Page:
Sun Seeking


The moment you turn right on Calle 30 Nte, and come across La Quinta Avenida (Fifth Avenue), the pedestrian walkway and the beating artery that pumps life juice into Mexico’s Playa Del Carmen, it hits you: you are in a carnival, a mishmash of tourist booths pushing everything from fishing junkets to live shows starring Michael Jackson imitators, restaurants all the way from Burger King to higher-end fishfood joints, dime-a-dozen jewellery and souvenir shops, street hawkers in your face with boxes of hand-rolled Cuban cigars (or so they say).
There are call-outs every ten feet to buy this, come in and check out that, (“You want a doobie?”). All of this, somewhat surprisingly, sits intermixed next to luxury staples like the Tag Heuer store, a luxury mall, and Ultrafemme, which sells Burberry, Chanel, Dior and MAC.

On Day One, during a night stroll, boosted by the lights and the street action and a warm Caribbean breeze, with a cold beer in your hand, the newness and charm and the entertainment value of it all keeps you going, all the way to the ferry stop to Cozumel where La Quinto Avenido comes to an end.

And that’s what make Hotel Cacao such a welcome respite. You can dabble in the action, some of it tacky, some of it not, and you know there’s a new, five-storey zen-like luxury hub waiting once you have had your fill.

Hotel Cacao, with its marble exterior, opened last October, and from a luxury hotel perspective, it hits all the marks. Noteworthy is the rooftop area — infiniti pool, sun deck and “cocteleria” experience in the bar area, sure to become a go-to spot for tourists and locals alike. There you can take in breathtaking panoramic views of the Caribbean Sea and Cozumel Island.

The hotel, with 60 guest rooms in total, offers Master Suites with highlights like a Jacuzzi on the terrace overlooking Fifth Avenue, 46” LCD TV, 100% Egyptian cotton linens, and plenty of spacious living room area. The Junior Suite is a little smaller, with a large terrace to enjoy panoramic views of Fifth Avenue or the ocean. The Deluxe Habitación is the smallest room at around 550 square feet, but has the same offerings as its brethren – Missoni amenities, 46” LCD TV, Egyptian cotton linens.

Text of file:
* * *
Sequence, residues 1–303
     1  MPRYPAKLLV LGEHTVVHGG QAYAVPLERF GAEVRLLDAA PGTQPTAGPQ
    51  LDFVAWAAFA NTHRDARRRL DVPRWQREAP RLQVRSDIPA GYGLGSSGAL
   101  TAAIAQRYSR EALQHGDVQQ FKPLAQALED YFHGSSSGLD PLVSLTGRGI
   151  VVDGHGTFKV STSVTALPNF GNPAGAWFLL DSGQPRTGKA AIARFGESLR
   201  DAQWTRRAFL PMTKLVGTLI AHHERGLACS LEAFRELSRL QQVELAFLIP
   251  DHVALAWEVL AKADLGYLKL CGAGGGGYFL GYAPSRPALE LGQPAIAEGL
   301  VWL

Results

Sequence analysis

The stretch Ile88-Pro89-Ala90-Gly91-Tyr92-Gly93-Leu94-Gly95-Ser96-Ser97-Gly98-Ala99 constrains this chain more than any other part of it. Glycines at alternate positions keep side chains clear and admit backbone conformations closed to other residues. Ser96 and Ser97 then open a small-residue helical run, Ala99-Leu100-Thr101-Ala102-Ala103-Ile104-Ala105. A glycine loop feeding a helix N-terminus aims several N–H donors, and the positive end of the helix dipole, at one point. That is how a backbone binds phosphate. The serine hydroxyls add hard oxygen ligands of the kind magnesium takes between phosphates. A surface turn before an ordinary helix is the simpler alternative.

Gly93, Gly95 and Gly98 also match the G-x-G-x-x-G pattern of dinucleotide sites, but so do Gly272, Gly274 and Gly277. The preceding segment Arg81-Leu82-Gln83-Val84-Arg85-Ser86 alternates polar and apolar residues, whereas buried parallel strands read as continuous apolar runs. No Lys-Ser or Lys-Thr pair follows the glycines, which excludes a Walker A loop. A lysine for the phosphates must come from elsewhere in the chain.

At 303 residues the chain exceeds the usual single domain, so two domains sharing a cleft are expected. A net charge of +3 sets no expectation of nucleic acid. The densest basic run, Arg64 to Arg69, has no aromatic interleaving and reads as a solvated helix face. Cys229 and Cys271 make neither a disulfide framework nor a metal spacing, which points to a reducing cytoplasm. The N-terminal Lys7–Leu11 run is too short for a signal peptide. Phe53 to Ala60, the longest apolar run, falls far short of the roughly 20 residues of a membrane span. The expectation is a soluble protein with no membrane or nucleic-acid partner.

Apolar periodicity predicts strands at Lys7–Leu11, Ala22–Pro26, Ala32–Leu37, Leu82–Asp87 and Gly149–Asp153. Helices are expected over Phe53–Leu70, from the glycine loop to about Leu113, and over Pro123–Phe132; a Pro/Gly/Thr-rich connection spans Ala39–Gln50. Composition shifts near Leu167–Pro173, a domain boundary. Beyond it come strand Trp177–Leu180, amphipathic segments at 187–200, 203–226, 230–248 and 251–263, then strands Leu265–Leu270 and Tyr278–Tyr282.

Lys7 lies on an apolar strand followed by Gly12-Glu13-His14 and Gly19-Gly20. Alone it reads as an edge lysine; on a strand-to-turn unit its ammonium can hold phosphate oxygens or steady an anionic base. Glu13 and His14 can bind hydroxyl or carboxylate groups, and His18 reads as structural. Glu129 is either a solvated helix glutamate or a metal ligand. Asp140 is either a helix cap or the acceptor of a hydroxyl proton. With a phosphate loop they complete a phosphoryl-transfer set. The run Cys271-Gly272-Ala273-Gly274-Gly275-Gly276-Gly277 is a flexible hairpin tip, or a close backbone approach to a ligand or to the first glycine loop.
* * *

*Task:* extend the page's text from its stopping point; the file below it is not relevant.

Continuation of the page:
The hotel’s marble exterior, waterfalls, jazz music all contribute to a relaxing vibe. The courtyard and NIBS restaurant that you pass on your way from check-in to the elevators are open to the sunshine, protected against the elements by a series of strategically placed canvases.

“The canvas installations in geometric shapes are artistic juxtapositions that imbue the rectangular and linear atrium with style and definition,” explained Hotel Cacao Director Bruce James. “At the same time, they provide shelter from the rain and elements for our restaurant, NIBS, where guests feel like they are dining in an outdoor café.”

Dining at NIBS, Chef Cristina comes out to tell us about the thinking behind the menu. “We only use local product, and for me, in the kitchen, I always focus on flavour, flavour, flavour,” she says. “I am constantly experimenting.”

North of Hotel Cacao sits Viceroy Riviera Maya, which is relatively new (Viceroy Hotel and Resorts took them over in 2012). The Viceroy Riviera Maya is an all-villa resort that fluently merges sea, beach and jungle, dense with ferns, palms and guava trees. Each of the 41 spacious villas (ranging from “luxury villas” to a 2,900 square foot “ocean view two level villa”) come with private plunge pools, deck, outdoor shower, and a high-ceiling thatched palapa roof synched with the jungle environment.

Guests arrive to the smell of “copal”, both in the lobby and outside the spa. “Copal” is a resin from a tree that looks like a mineral rock, which is then pulverized, the dust added on top of hot coals, producing a relaxing smell similar to more of an intense incense. Guests arrive to a “Mayan Blessing” performed by the Mayan shaman on staff, and are escorted to their villa. Mayan healing techniques and traditions are a big part of the spa experience. Down by the pool, next to the surf, there’s a seaside grill (try the excellent Mexican chardonnay called “LL”), day beds near the beach, a private pier for private dinners, library lounge and fitness centre. The more formal La Marea restaurant overlooks the pool area.

“It’s not complicated,” says Fernanda Gembe, assistant to the general manager. “For our guests, it’s more about uniquely Mexican experiences, in the privacy of the secluded, luxury place. Luxury means a lot: quality service, attention to detail, local ingredients. It is a combination of many things that make this a special place for people.”

By the week’s end, when it’s time to make the 45-minute hike back to Cancun airport to fly home, you’ll more than likely think of ways to stay behind, and make this area more of a permanent home. Then you’ll realize the owners behind Hotel Cacao and Viceroy Riviera Maya have accomplished what they set out to do.


Hotel Cacao:
011 52 984 206 4199

Viceroy Riviera Maya:
011 52 984 877 3000: